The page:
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Community Organizer and AIDS Activist

William A Scott, LMSW-ACP

On paper Bill Scott was a licensed master social worker and an advanced clinical practitioner. Off paper he often saw a need and saw that it was fulfilled. In early 1978 he gathered together people of diverse professions and backgrounds to discuss a need. And the need was that there was no mental health service in Houston that was both accessible to and accepting of gay men and lesbians. Over the year gay counseling began and the plan carefully became a reality, and in the fall of 1978 Bill Scott, Judy Newson and Ted Hewes filed for incorporation, and the Montrose Counseling Center became a non-profit organization on 12/18/78. Bill Scott was named clinic administrator. That agency has survived and thrived to this day, moving through several locations to its current home, at 401 Branard St in 2007, and changing its name to the Montrose Center in 2013.

For Bill Scott, this was just an early accomplishment. In 1985 he was appointed to a city task force on AIDS by then-Mayor Kathy Whitmire, and in 1988 he was named Social Worker of the Year by the Houston Chapter of the National Association of Social Workers. In April 1991 he was appointed by then-Governor Ann Richards to the Texas Board of Health, the first openly gay man and openly HIV positive person to win such a position. Also in 1991, he helped found the Houston Institute for the Protection of Youth (HIPY), assisting runaway gay and HIV positive and other youths. In 1992 he was appointed to the Task Force on Human Resources, and in March of 1995 he received one of the Texas Human Rights Foundation's Schwab Awards as Outstanding Appointed Official.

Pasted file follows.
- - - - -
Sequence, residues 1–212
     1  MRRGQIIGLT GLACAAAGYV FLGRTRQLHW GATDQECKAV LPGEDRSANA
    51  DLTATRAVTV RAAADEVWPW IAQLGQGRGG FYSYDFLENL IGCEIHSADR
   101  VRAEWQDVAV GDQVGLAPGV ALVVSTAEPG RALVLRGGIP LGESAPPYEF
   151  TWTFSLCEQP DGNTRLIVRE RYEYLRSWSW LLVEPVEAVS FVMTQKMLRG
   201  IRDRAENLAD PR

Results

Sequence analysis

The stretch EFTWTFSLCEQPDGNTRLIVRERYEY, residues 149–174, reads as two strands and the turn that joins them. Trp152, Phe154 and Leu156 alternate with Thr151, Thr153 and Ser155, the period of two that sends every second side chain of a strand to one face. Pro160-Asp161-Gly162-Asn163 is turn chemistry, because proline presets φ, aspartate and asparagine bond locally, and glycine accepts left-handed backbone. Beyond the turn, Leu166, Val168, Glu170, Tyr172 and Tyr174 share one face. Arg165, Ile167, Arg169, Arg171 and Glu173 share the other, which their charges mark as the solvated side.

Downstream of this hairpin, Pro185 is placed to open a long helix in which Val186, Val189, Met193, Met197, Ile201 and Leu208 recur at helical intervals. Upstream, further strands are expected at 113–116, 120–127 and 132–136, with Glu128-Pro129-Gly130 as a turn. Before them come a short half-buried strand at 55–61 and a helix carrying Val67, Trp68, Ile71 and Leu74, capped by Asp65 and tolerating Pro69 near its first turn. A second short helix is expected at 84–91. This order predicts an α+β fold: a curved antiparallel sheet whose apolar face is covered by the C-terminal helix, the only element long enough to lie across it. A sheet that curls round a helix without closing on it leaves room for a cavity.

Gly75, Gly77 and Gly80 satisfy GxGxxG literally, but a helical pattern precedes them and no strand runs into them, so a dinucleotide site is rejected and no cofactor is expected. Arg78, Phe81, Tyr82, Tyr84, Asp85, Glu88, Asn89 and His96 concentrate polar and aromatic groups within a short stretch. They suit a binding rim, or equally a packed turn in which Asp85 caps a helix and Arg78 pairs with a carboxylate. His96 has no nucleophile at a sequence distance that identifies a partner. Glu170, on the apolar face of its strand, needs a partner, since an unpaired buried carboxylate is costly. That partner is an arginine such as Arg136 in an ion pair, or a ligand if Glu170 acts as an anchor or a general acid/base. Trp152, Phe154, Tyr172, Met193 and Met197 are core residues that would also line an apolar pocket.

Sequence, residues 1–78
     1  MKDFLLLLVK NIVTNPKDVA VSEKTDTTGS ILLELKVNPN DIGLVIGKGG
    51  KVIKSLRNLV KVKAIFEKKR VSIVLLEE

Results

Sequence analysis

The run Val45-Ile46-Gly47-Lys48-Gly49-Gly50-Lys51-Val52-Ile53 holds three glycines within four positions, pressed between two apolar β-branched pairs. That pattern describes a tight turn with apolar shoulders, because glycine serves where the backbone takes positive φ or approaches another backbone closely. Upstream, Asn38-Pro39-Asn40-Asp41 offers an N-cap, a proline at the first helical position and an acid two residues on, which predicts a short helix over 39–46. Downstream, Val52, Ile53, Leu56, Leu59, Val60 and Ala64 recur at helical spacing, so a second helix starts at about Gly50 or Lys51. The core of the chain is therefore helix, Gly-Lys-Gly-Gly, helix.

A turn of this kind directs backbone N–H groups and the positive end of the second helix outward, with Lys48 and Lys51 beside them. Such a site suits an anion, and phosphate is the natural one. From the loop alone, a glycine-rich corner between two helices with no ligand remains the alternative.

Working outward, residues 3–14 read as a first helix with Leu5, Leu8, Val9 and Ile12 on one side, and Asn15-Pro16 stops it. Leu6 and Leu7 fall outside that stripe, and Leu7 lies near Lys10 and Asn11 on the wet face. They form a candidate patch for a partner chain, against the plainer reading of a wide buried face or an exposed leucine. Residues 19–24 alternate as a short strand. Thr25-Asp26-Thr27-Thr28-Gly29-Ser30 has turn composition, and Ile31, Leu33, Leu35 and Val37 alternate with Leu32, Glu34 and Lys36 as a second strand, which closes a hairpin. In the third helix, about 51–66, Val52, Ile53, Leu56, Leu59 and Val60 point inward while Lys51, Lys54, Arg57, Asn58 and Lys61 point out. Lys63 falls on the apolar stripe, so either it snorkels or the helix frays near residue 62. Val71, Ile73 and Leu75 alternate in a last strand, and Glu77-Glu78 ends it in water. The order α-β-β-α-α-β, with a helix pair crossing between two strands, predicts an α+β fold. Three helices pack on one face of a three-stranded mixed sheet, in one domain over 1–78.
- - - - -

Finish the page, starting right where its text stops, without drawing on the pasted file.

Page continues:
He was on the ground floor of many important organizations, such as being a co-founder of the AIDS Equity League, the KS-AIDS Foundation (now, the AIDS Foundation), and Body Positive Houston.

At the time of his death TSU law professor Gene Harrington said of Scott, "It is very important for people who are HIV-positive to know what he accomplished as a person with HIV...he took his HIV status and just began another period of his life, which was just as successful as before he became HIV-positive."

Bill Scott died on April 4, 1995, at age 46.

Bill Scott Obituary
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